When asked why she has lead or co-lead so many different projects (23 at last count), pianist Satoko Fujii replied "It's like food. I don't like just Japanese food, but also Italian food, French food and so on, and I would soon get tired if I just ate Japanese food." If her ma-do quartet were to have a culinary equivalent it would certainly be tasty: something spicy with rich complex flavors. It's almost as if Fujii has so many ideas that she has to force as many as possible into every composition. Each cut screeches into handbrake turns of clashing incongruity which the band somehow make sound unforced and natural.
As much about the people as the instrumentation, Fujii sees ma-do as a means to be able to rehearse such involved scores with trusted long time collaborators. Alongside husband Natsuki Tamura on trumpet are bassist Norikatsu Koreyasu, with the pianist for over two decades, and Akira Horikoshi, the drummer from her Tokyo Big Band. One of the beauties of ma-do, also apparent on their previous outingsHeat Wave (Not Two, 2008) and Desert Ship (Not Two, 2010)resides in the near perfect balance they achieve between charted intrigue and beguiling instrumental virtuosity.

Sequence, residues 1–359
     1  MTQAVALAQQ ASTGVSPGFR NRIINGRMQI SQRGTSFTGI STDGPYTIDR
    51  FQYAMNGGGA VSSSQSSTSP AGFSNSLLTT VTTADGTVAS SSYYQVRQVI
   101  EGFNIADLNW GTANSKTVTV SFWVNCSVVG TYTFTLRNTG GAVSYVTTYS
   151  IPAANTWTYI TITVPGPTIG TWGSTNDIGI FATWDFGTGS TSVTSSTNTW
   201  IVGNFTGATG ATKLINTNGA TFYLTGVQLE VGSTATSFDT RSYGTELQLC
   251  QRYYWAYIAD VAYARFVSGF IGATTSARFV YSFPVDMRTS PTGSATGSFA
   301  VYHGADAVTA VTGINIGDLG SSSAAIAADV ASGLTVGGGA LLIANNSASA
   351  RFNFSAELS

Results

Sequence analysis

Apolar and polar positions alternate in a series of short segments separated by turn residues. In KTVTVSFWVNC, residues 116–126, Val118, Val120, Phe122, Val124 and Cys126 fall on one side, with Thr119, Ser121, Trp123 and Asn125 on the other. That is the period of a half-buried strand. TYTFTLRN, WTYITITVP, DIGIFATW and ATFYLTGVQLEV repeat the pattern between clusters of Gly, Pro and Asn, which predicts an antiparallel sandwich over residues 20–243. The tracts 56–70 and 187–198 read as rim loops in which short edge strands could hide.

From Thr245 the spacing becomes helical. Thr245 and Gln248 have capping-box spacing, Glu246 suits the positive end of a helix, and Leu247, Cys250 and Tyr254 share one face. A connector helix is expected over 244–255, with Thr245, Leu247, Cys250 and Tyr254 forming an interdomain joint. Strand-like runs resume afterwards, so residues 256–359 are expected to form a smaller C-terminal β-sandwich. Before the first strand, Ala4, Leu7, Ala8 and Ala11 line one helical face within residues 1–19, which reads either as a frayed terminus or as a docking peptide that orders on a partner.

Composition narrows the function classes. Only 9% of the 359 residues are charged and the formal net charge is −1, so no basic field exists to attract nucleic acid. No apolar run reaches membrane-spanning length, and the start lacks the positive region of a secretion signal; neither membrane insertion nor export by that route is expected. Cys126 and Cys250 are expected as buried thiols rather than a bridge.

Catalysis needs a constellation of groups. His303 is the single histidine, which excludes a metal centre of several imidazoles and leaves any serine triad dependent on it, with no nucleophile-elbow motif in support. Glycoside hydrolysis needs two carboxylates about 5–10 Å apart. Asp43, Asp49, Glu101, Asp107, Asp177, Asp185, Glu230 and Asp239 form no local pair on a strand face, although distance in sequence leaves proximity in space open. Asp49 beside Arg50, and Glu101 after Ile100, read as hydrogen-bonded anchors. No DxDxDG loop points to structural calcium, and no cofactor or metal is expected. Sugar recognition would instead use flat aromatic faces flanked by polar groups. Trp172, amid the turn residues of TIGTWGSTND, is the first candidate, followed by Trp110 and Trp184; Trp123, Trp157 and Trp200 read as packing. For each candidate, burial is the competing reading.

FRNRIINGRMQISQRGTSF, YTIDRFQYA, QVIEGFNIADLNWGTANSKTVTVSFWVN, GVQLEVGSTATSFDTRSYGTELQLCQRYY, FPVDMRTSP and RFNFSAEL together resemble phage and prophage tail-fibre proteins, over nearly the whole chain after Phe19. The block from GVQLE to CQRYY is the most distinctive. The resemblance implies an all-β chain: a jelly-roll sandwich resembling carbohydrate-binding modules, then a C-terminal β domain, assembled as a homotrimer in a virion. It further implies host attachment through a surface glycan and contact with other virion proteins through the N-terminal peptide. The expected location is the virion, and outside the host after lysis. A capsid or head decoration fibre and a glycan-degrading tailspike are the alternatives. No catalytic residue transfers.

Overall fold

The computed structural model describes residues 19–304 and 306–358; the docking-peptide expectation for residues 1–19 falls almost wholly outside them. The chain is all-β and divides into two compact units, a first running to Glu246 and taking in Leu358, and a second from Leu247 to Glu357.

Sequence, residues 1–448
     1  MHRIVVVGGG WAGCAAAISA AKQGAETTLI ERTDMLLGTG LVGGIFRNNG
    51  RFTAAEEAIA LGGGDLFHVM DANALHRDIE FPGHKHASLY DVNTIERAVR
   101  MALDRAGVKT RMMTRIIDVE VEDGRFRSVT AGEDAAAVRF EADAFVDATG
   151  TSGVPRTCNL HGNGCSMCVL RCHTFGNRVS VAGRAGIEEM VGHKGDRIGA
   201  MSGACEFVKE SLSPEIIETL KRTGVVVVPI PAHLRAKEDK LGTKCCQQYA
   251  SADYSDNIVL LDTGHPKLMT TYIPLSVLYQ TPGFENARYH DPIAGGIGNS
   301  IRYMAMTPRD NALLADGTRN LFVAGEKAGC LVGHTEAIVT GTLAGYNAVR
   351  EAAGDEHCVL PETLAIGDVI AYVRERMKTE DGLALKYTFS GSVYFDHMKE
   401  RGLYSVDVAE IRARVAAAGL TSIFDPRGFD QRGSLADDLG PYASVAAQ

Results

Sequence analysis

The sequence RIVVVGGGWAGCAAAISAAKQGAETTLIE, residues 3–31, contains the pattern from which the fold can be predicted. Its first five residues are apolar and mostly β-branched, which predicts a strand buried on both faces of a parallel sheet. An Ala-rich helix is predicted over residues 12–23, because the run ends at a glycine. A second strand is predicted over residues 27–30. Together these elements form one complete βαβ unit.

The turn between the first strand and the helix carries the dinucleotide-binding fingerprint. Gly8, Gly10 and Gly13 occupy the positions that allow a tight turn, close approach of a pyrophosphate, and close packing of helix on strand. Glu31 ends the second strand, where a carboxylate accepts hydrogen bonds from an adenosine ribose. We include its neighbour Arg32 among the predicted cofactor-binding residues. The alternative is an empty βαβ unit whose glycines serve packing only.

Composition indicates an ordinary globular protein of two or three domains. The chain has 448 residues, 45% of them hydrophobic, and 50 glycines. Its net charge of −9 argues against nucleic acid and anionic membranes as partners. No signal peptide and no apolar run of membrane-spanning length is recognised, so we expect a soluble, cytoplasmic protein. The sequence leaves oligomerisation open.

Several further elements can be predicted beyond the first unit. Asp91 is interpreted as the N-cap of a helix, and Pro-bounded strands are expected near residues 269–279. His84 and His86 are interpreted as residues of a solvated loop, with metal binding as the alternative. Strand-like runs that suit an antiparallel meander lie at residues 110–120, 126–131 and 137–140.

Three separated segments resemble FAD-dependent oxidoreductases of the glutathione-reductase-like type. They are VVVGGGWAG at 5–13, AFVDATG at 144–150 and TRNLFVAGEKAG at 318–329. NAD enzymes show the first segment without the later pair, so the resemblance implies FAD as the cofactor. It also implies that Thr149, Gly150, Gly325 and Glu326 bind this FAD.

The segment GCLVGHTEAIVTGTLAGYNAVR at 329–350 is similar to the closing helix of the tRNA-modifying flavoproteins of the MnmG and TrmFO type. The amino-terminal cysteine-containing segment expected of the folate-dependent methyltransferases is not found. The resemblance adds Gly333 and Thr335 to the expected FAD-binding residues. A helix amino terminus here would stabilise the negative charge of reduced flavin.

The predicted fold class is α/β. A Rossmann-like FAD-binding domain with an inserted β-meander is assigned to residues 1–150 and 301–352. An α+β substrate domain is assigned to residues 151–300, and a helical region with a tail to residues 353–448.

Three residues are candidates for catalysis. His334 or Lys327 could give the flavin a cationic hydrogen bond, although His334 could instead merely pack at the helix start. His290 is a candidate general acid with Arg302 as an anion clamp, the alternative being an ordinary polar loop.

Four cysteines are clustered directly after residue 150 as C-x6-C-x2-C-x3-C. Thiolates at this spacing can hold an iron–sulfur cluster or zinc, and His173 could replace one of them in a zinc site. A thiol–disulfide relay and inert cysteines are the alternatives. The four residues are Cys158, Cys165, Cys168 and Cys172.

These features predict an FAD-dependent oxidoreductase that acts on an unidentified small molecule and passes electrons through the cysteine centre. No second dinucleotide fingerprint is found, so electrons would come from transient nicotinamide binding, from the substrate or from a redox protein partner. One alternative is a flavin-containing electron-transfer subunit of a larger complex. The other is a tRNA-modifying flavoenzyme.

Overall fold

Apposite examples are everywhere. "Fortitude" opens proceedings auspiciously, as Koreyasu's eerie slithering bowing becomes gradually submerged by a jumpy piano/drum unison, later doubled by Tamura. A subsequent episode for staccato piano turns jazzy then erupts into sweeping glissandos along the keyboard, before a strongly syncopated conclusion. As if in live performance (the studio set was recorded midway through a North American tour), the cooling piano/bass droplets which close "North Wind And The Sun" lead imperceptibly into the delicate piano reverie of the following "Time Flies." As well as directing from the piano stool, Fujii here confirms her stature as a superlative soloist, scrabbling among the piano innards over a rocky beat, before explicating a knotty ostinato.
Although Tamura's lines boast a lyrical core, he tempers sentimentality by co-opting unconventional sounds: subterranean growls, breathy whooshes and buzzing raspberries all play their part. In this adventure, Koreyasu matches him blow for blow, as demonstrated at the start of "Broken Time" when his swooping arco harmonics roughly intertwine with the trumpeter's metallic burr. They also shine on the lovely title track, after a portentous drum intro, where Tamura's teetering lullaby melody is underpinned by the bassman's mournful sawing. That leads to a threnody for Fujii and the bassist, which slowly fades to nothing. Exquisitely beautiful, it's hard not to see the piece as a tribute to Koreyasu who died suddenly of a heart attack aged 56, three months after this session. As such, it makes a fitting though bittersweet end to this splendid final album from ma-do.
Fortitude; North Wind and The Sun; Time Flies; Rolling Around; Set the Clock Back; Broken Time; Time Stands Still.